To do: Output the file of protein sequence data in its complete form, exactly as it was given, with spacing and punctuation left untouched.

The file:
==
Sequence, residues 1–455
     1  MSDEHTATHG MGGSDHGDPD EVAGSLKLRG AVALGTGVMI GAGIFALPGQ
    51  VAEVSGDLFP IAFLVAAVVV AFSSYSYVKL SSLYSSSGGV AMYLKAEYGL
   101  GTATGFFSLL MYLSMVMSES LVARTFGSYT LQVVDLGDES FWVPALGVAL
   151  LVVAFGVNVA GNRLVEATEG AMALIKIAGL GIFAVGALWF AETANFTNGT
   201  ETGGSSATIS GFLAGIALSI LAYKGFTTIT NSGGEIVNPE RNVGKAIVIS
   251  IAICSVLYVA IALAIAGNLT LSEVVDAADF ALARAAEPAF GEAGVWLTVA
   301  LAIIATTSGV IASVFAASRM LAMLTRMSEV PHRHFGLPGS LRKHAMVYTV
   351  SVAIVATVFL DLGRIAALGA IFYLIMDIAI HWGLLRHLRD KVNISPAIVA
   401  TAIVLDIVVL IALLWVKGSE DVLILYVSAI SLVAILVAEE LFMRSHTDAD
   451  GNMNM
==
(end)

Sequence, residues 1–455
     1  MSDEHTATHG MGGSDHGDPD EVAGSLKLRG AVALGTGVMI GAGIFALPGQ
    51  VAEVSGDLFP IAFLVAAVVV AFSSYSYVKL SSLYSSSGGV AMYLKAEYGL
   101  GTATGFFSLL MYLSMVMSES LVARTFGSYT LQVVDLGDES FWVPALGVAL
   151  LVVAFGVNVA GNRLVEATEG AMALIKIAGL GIFAVGALWF AETANFTNGT
   201  ETGGSSATIS GFLAGIALSI LAYKGFTTIT NSGGEIVNPE RNVGKAIVIS
   251  IAICSVLYVA IALAIAGNLT LSEVVDAADF ALARAAEPAF GEAGVWLTVA
   301  LAIIATTSGV IASVFAASRM LAMLTRMSEV PHRHFGLPGS LRKHAMVYTV
   351  SVAIVATVFL DLGRIAALGA IFYLIMDIAI HWGLLRHLRD KVNISPAIVA
   401  TAIVLDIVVL IALLWVKGSE DVLILYVSAI SLVAILVAEE LFMRSHTDAD
   451  GNMNM